Working in an agency takes the worries and stress from freelancing, think of an agency as a Beta version of the final product, you work out the niggles, what works, what doesn't and you learn from the mistakes so you don't fall into the pitfalls when going freelance, you set yourself up for the best possible start constantly. Working freelance doesn't always mean you can pick your clients, you can push for them but ultimately if a sheep breeders association comes through the door and you have to photoshop shit off a rams arse for £500, you take the  £500, don't be stupid, it's money. You can however tailor your portfolio to cater for more things you want to do, just show projects on your website that you want to do more of. I have a number of luxury brand identities on my site because i want more! potential clients will search luxury brand re brand designer and i should pop up because that's what i've published, you don't, however, see the numerous Pig & Poultry pop up banners i created...fml

 

What are your working hours like? (for freelancing, design studio or both) Which requires more working time?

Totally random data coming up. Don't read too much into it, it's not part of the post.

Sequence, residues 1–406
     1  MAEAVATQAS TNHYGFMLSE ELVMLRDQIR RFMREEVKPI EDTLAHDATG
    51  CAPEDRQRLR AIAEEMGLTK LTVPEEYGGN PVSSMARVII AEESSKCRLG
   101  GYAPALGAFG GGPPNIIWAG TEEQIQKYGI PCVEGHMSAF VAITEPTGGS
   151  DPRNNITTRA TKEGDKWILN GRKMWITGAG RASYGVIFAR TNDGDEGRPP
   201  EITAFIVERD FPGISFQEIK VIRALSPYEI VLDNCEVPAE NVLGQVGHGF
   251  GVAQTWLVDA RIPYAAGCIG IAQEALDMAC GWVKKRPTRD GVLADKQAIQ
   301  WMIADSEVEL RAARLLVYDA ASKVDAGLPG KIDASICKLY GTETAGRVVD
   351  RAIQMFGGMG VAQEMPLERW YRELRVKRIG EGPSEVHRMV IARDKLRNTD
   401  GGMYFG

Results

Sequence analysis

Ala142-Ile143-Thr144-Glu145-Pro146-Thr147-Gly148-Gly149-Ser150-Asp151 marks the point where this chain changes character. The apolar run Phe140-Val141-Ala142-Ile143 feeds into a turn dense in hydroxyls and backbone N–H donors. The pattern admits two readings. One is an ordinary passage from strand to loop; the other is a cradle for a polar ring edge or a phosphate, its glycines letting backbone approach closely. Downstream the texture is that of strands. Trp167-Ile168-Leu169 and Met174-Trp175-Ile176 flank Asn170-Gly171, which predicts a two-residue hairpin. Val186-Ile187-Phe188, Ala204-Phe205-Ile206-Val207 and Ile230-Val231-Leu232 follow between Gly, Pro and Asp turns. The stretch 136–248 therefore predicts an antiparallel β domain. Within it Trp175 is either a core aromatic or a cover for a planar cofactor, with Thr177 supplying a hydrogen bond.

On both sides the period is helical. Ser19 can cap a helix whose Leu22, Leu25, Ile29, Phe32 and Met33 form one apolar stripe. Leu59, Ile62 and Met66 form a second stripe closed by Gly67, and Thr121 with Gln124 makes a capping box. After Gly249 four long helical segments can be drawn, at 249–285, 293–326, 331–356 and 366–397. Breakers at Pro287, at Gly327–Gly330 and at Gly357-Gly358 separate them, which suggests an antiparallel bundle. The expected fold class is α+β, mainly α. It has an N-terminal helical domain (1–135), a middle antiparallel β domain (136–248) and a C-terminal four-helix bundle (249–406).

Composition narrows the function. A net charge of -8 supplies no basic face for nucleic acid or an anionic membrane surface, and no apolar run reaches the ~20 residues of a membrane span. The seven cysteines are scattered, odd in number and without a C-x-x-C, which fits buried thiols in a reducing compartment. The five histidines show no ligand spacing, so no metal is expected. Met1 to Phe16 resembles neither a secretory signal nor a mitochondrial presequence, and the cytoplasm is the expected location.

I think i have a well balanced hourly schedule within working full time 9am-5:30pm at an agency then 6pm -9pm on freelance work, granted sometimes you will have to wake up early to finish a brief or stay late like the world stereotypes us to but honestly i have about 17 live clients on and i still get a full 8 hours sleep, it's crucial. I'll often use my lunch to work but that's managing time well. People will often complain about not having enough hours in the day, bollox, use your time more efficiently, grab a couple chrome extensions for pinterest and have your projects in mind at all times, see something that might influence or help a project? take a picture, save it to pinterest, email yourself then when you get home you're ready to put pen to paper for 30mins sketching, 2 hours logo design then leave it, your best work comes out in the first hour, the second is to tweak, anything after that can be wasted time, sit on it and come back to it later if you need. 

 

How do clients approach you or how do you approach clients? compared to a design agency? Is it more difficult?